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Your two-year-old has a runny nose for two weeks. You notice the skin under the nose becomes red and irritated. Two days later, the rash is worse, with thick crusty liquid oozing out. This sounds like impetigo.
It is a bacterial infection of the skin that can occur just about anywhere, but is most common around the mouth and nose or on the buttocks and arms. Impetigo may or may not itch. Scratching spreads the eruptions. Mild impetigo is often caused by streptococcus or staphylococcus. It occurs when the skin gets raw and irritated from scratching, runny nose, or excessive drooling. The bacteria may invade any area where the top protective layer of skin is broken down by an injury or irritation. Picking the skin around the nose or picking a pimple is an invitation for bacteria to come in and set up an infection.
It begins as tiny red spots, (resembling picked-at pimples) which become blisters that rupture and produce an oozing, sticky honey-colored crust on the surface. The spots are circular and may be as small as a dime or as large as a quarter. Impetigo is particularly common around the entrance to the nose, where the skin around the nostrils appears raw and reddened with a yellow crust.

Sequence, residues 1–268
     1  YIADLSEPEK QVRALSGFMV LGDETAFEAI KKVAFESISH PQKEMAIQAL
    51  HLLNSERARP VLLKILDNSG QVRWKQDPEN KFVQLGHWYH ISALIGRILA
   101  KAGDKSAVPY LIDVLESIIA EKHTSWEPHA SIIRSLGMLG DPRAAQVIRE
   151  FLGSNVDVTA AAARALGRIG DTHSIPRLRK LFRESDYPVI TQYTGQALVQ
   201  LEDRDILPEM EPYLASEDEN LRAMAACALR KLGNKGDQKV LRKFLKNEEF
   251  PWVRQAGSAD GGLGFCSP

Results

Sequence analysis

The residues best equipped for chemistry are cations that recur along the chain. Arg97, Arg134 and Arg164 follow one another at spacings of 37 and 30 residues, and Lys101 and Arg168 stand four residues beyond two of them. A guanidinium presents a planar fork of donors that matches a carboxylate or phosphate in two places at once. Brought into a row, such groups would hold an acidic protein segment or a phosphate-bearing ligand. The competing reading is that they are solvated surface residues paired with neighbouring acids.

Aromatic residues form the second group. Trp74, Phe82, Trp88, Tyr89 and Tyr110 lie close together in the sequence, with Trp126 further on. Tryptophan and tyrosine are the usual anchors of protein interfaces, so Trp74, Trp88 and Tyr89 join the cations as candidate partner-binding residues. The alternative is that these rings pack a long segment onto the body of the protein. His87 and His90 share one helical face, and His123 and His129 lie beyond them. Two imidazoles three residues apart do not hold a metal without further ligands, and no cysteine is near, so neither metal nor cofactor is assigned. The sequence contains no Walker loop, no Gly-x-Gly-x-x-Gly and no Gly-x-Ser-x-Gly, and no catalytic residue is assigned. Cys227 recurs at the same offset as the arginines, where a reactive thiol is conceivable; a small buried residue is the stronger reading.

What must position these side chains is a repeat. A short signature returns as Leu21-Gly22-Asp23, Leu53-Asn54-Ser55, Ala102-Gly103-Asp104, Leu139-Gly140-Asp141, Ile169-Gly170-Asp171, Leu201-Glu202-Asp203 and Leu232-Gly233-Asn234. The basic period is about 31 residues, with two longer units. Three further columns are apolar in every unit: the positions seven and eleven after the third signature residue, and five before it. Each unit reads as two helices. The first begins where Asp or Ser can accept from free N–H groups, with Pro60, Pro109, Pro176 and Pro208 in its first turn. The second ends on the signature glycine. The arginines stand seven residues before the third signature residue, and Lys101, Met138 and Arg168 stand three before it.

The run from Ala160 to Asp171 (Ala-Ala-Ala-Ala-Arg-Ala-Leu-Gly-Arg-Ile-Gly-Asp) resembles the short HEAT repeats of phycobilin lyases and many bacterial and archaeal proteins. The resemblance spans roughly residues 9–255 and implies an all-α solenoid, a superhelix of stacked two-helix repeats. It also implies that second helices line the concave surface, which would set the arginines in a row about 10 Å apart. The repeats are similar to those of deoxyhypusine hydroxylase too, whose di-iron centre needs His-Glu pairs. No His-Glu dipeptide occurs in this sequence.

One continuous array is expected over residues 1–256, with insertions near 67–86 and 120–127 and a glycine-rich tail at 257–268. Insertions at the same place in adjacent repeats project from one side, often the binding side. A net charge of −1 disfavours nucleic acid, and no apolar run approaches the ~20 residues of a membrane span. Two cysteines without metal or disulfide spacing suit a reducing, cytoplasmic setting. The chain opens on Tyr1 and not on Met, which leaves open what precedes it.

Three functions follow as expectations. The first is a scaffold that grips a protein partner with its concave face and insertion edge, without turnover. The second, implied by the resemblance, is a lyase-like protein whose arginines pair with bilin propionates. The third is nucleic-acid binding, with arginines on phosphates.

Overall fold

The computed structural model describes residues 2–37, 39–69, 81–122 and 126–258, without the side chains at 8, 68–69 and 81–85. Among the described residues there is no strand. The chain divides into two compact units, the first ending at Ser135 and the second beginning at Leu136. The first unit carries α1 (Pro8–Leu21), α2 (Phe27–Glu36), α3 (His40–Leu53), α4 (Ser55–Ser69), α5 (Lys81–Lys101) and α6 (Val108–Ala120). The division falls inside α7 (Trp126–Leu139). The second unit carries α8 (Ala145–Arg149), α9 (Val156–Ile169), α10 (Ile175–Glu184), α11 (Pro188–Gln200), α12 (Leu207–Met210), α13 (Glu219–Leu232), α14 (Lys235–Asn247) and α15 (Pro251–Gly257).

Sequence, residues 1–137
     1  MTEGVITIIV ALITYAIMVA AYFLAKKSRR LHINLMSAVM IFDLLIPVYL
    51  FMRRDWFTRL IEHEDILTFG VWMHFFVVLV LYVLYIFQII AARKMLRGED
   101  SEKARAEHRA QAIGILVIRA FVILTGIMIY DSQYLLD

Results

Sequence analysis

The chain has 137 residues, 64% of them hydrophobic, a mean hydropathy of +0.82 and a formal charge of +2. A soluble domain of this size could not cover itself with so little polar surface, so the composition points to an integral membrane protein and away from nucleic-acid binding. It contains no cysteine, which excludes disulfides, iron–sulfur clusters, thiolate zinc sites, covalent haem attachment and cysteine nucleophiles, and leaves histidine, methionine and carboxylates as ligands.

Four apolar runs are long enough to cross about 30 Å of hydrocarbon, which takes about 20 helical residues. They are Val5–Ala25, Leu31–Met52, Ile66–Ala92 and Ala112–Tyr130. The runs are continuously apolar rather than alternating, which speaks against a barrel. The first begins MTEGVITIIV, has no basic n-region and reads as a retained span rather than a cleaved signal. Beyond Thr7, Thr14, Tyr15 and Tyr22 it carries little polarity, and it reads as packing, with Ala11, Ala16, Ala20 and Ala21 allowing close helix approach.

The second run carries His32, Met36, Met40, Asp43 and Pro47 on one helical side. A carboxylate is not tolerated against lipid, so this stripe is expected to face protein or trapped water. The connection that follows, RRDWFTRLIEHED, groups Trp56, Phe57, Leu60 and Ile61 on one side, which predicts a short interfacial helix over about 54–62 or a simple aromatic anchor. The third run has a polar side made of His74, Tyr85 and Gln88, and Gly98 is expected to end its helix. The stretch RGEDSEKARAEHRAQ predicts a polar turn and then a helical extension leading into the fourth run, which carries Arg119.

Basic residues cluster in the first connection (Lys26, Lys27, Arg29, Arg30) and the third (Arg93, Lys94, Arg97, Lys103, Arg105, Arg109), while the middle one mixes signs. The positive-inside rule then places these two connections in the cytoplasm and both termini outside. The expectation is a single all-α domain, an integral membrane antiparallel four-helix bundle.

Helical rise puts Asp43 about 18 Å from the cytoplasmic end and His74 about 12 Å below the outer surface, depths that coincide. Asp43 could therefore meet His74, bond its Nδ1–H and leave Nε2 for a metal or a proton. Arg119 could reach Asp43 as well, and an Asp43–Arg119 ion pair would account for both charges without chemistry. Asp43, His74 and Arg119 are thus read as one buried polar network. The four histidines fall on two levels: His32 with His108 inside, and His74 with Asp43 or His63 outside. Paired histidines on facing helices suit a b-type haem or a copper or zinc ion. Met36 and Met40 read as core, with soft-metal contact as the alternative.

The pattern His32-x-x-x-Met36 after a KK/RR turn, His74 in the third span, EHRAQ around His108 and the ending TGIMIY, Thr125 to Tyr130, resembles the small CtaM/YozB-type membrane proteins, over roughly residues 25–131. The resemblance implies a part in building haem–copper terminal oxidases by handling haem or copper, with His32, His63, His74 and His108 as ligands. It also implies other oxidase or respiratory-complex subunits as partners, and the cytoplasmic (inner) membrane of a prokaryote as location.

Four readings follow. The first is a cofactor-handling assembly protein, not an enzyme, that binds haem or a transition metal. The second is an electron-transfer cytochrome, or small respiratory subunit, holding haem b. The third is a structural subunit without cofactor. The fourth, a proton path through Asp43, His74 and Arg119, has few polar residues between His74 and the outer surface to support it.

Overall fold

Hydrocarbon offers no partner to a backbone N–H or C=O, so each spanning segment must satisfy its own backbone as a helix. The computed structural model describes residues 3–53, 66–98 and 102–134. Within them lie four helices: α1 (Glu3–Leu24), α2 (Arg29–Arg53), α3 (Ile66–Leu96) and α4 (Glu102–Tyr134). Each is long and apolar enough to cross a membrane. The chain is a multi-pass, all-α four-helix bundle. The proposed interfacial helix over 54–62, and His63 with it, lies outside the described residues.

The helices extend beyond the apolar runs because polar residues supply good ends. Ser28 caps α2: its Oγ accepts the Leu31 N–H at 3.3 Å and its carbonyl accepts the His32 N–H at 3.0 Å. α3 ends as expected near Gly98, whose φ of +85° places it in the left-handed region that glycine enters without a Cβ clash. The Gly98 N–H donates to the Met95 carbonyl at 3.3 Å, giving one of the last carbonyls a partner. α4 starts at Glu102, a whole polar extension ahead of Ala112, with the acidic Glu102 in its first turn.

For impetigo that seems mild and is just beginning, follow these steps three times a day:
If the infection continues to worsen despite the above treatment, then proceed with the following steps three times a day:
If you need the prescription ointment Bactroban, call or see your doctor. This generally would not warrant an urgent page to the doctor. If your doctor's office does not open for another day or two, then a call to your doctor for the ointment is probably warranted.
More serious infection. If the redness and drainage continue to worsen despite all the above treatment, or your child develops fevers or red streaks extending out from the area, then you should see your doctor right away. If it is after hours, you should page your doctor. Your child may need oral antibiotics to help fight the infection.